Dr. Devine earned her BA in psychology at DePauw University, and then her MA and PhD in clinical psychology at Bowling Green State University in Ohio. She completed her clinical internship at the Boston VA Medical Center/Tufts University Consortium and then completed a three-year postdoctoral program in clinical neuropsychology, providing services to veterans and civilians with a wide range of neurological and psychiatric disorders. Dr. Devine has worked in a research setting since completing her postdoctoral work, and she has also worked intermittently in clinical settings, evaluating individuals with a variety of cognitive disorders. These clients have been as young as 12, but Dr. Devine’s primary interest is in a geriatric population.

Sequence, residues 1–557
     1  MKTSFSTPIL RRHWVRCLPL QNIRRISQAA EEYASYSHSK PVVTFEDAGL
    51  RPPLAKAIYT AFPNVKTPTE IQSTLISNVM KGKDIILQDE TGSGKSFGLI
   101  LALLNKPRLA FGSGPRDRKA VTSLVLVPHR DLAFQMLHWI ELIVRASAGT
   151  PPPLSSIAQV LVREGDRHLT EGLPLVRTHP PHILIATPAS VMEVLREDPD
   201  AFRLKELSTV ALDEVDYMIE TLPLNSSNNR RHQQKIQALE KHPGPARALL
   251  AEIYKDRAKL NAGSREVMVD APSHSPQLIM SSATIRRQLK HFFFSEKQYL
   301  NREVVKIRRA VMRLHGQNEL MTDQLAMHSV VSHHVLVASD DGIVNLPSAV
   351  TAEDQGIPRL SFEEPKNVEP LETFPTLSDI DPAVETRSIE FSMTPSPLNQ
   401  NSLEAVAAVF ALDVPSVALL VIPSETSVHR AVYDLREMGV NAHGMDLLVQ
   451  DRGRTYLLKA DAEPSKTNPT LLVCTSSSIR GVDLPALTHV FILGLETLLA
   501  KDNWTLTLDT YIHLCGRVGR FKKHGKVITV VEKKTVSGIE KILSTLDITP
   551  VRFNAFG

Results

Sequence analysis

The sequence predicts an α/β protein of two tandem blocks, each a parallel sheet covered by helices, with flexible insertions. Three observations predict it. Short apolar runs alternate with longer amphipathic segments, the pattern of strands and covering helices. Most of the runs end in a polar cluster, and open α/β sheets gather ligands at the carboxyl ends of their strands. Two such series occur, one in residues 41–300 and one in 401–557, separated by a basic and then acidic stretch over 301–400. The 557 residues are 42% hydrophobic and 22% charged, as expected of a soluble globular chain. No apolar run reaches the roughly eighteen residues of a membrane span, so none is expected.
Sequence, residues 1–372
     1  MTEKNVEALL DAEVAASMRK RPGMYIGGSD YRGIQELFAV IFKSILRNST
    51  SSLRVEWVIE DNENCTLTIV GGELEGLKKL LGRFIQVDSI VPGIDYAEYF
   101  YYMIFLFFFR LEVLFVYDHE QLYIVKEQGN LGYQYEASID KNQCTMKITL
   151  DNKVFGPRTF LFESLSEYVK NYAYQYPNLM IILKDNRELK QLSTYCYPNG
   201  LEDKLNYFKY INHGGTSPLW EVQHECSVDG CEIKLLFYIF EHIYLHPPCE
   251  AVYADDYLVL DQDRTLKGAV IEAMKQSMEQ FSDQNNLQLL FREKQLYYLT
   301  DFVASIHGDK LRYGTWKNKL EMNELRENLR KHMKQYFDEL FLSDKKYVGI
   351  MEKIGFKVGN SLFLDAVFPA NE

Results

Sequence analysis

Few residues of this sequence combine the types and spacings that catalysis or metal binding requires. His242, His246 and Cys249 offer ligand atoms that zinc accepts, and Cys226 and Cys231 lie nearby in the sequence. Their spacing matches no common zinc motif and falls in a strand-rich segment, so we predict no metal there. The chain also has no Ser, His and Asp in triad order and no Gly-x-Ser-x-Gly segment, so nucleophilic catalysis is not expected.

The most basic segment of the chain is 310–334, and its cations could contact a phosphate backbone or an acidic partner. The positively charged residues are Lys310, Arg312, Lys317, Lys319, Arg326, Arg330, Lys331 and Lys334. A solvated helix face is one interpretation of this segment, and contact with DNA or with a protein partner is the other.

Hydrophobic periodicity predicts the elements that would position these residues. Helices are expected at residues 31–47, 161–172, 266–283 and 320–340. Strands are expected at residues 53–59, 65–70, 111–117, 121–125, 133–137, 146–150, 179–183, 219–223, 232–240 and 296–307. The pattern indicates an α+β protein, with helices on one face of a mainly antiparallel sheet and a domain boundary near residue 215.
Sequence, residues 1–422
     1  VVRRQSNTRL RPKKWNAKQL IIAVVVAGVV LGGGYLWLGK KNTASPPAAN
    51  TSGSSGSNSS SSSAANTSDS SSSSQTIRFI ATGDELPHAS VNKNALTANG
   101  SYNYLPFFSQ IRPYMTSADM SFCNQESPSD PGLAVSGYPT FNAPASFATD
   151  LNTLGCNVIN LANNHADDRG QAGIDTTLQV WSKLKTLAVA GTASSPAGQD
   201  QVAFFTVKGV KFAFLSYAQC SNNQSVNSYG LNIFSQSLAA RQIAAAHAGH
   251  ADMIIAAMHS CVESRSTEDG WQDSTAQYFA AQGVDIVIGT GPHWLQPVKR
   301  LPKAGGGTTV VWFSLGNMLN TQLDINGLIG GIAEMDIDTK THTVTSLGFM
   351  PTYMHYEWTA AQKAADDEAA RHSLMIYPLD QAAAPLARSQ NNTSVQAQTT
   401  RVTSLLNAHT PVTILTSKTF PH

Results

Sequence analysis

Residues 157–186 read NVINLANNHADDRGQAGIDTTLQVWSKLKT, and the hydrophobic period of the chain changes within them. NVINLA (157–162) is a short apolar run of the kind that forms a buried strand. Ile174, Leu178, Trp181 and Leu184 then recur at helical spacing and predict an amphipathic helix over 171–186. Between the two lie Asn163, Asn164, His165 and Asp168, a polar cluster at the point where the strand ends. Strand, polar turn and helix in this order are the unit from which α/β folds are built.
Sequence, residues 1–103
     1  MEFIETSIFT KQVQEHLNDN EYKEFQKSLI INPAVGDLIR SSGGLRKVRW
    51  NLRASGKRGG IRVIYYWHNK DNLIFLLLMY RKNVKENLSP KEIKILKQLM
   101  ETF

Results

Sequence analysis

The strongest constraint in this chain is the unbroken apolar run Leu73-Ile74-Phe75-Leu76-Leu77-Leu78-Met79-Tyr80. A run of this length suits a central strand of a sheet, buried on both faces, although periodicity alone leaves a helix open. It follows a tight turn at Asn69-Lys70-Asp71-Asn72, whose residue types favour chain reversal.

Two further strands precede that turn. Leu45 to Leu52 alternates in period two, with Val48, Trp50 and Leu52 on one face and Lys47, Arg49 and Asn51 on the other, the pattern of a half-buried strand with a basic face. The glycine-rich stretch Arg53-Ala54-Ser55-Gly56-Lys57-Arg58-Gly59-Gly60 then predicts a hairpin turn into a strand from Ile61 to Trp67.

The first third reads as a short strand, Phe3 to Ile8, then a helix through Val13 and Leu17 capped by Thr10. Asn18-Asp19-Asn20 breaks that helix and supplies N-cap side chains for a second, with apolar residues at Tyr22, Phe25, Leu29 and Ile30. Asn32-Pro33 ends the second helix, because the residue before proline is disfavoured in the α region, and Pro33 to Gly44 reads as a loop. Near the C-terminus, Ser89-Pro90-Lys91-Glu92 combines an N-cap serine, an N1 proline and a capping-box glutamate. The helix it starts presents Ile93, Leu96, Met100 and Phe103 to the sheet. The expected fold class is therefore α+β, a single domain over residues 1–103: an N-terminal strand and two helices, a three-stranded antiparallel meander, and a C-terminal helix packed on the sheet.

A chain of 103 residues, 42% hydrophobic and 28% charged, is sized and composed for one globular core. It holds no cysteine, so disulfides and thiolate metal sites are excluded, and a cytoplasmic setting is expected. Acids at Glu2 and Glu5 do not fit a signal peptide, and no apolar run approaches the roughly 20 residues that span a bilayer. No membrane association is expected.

In 1999, Dr. Devine started working as a clinical neuropsychologist at the Framingham Heart Study (FHS), where research on cognitive functioning was greatly expanding. Through the years, she has collaborated with Dr. Rhoda Au in applying the Boston Process Approach (BPA) to research using neuropsychological tests. BPA goes beyond the typically used quantitative scores, adding the wealth of information available in qualitative aspects of an individual’s performance on cognitive tests. Although widely used in clinical settings, research using BPA is severely limited, given the challenges of operationalizing qualitative aspects of an individual’s behavior while taking cognitive tests. Dr. Devine has especially enjoyed this challenge, as well as providing training and supervision to testers to ensure reliable and consistent coding of behavior. This has been important because of the large number of testers who have been involved with FHS over the years. In addition to BPA generally, Dr. Devine been especially interested in examining the extensive information that can be gleaned from the Clock Drawing Test, a quick and simple task that involves asking an individual to draw a clock and set the hands to a specified time, and to copy a pre-drawn clock. Dr. Devine is involved with the research at FHS into identification of cognitive biomarkers, especially those caught digitally (i.e., with audio recorders and digital pens), that may reveal risk in the very early (i.e., pre- pre-clinical) stages of dementia.